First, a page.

03/18/2010 05:12 am ET Updated May 25, 2011

Pay-to-Play Pension Scandal Hits California

California's giant Public Employees' Retirement System, one of the world's largest pension funds, has instructed its Washington D.C. legal adviser to examine dealings between its board and staff and a Los Angeles-based venture capitalist who pled guilty Thursday to bribing New York State officials.

The development, reported by the Los Angeles Times, came just 24 hours after financier Elliott Broidy pled guilty to paying $1 million in bribes to four New York state pension officials to get $250 million in pension fund business, according to New York Attorney General Andrew Cuomo.

Broidy's admissions were the latest development in a series of state and federal inquiries into how public employee pension funds, including the massive CalPERS, reach decisions on how to allocate their funds among private investment firms. Broidy's company, for example, has received $50 million from CalPERS.

Over the last decade, Broidy and his wife, who are longtime national and state fundraisers for the Republican Party, have made some $900,000 in campaign contributions to officials who were seeking or held statewide political offices at the time, including two Calpers board members.

CalPERS spokesman Brad Pacheco told the Times, the pension fund is reevaluating its partnership with Markstone, Broidy's venture capital firm, which specializes in Israeli investmens.

Broidy -- who stepped down in the spring as a board member of the Los Angeles Fire and Police Pensions fund after receiving inquiries from the U.S. Securities and Exchange Commission -- also has agreed to cooperate in a widening federal probe of corruption in public pension investments--an investigation which began in New York, but now includes inquires about practices among California state pension funds.

Even though Broidy is cooperating with the still unfolding probe, his guilty plea to a felony charge of rewarding official misconduct -- including bribing one official by helping finance his B-list movie and giving $90,000 to another one's girlfriend -- could mean up to four years in prison.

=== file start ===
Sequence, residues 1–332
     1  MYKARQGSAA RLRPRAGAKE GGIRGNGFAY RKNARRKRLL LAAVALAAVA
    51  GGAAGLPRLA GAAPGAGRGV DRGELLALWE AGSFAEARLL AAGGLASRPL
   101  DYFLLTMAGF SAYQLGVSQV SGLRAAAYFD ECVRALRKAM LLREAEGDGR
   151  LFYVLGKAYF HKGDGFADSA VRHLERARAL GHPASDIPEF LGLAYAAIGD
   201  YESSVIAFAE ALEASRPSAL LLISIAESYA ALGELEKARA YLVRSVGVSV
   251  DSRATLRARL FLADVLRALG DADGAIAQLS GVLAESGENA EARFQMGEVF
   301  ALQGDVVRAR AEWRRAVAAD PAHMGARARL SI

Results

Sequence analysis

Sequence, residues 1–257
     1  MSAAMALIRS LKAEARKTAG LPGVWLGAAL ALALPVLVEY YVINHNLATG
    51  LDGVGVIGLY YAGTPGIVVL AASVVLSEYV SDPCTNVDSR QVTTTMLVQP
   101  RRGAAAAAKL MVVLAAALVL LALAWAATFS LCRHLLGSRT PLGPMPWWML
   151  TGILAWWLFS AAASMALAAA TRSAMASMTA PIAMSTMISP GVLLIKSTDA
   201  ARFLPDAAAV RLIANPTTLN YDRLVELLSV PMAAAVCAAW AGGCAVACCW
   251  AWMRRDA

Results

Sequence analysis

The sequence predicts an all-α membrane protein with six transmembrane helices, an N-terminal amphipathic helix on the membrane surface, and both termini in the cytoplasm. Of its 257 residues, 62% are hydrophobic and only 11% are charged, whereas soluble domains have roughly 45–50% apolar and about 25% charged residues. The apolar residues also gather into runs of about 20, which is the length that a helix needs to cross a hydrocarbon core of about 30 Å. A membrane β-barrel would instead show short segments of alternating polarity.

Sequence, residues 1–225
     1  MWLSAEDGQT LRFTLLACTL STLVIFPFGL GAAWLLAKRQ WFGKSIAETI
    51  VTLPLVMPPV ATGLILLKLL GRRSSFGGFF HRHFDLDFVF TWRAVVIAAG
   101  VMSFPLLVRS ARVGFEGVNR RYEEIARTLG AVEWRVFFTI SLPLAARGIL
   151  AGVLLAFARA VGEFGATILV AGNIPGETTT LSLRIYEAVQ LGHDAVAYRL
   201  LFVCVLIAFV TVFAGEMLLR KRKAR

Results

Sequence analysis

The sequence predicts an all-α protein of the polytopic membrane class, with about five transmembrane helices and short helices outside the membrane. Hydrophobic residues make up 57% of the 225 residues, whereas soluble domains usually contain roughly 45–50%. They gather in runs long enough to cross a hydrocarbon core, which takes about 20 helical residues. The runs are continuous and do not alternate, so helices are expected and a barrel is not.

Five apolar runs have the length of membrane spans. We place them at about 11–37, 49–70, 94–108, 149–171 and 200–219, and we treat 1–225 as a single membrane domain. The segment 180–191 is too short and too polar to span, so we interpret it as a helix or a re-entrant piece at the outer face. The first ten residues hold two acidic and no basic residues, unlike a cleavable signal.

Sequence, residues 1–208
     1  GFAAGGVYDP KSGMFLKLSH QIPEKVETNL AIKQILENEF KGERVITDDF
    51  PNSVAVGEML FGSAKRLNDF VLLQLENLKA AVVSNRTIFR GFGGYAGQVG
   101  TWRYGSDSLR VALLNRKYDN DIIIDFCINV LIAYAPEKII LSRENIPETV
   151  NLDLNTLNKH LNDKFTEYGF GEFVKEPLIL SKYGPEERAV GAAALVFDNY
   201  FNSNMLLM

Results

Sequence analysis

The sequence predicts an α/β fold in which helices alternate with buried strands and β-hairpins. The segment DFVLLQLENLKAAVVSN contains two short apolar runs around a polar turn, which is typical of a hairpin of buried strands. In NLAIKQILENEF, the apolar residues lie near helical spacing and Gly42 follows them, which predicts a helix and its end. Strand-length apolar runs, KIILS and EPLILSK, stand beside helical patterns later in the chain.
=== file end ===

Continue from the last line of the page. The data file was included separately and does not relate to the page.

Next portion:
Broidy -- who also served on the board of trustees for the Simon Wiesenthal Center -- also resigned as chairman of Markstone Capital Group, agreeing to forfeit $18 million to the state of New York.

"It was an old-fashioned case of payoffs to state officials," Cuomo said. "This case is effectively bribery of state officials."

Broidy, a longtime fixture on the Los Angeles' Republican fundraising scene, served as a former committee chairman for the Republican National Committee and appointed to the board of trustees of the John F. Kennedy Center for the Performing Arts in 2006 by George W. Bush.

Broidy's plea marks the fifth criminal plea in the ongoing investigation into whether decisions over how to invest retirees' money were illegally influenced by money and politics.
A spokesman for Mr. Broidy said in a prepared statement: "Mr. Broidy regrets the actions that brought about this course of events, but is pleased to have resolved this matter with the NYAG and will be cooperating in the ongoing investigation."

According to officials, Broidy also admitted to spending $75,000 to take comptroller's officials on lavish trips to Israel and Italy. He said payments were concealed in false invoices submitted to the comptroller's office.

He said he gave $300,000 to help finance a B-list movie called "Chooch," linked to a senior executive with the state pension fund. In addition Broidy paid over $90,000 to the girlfriend of a high-ranking OSC official from April 2004 through October 2005. The payments were used to cover the girlfriend's living expenses and rent. Broidy also covered the girlfriend's hospital bills. Broidy also agreed to pay $5,500 a month to a relative of the girlfriend beginning in October 2003, for a total of $44,000. These payments were concealed through a sham loan agreement between Broidy and the relative.

According to the Los Angeles Times, Broidy has received four subpoenas from the Securities and Exchange Commission since May, three seeking documents and one calling on him to appear.

At least one subpoena called on Broidy to disclose all of his contacts with Alfred J.R. Villalobos, a middleman who has received at least $70 million in fees to help investment managers get business at the California Public Employees' Retirement System and the California State Teachers' Retirement System, according to the Los Angeles Times.

Broidy also came under scrutiny for a vote he cast as one of Mayor Antonio Villaraigosa's appointees on the Los Angeles Fire and Police Pensions board. In July 2007, Broidy voted to invest $30 million in a fund managed by CIM Group Inc., which is an investor in Markstone. CIM invested $500,000 in the firm in 2004.

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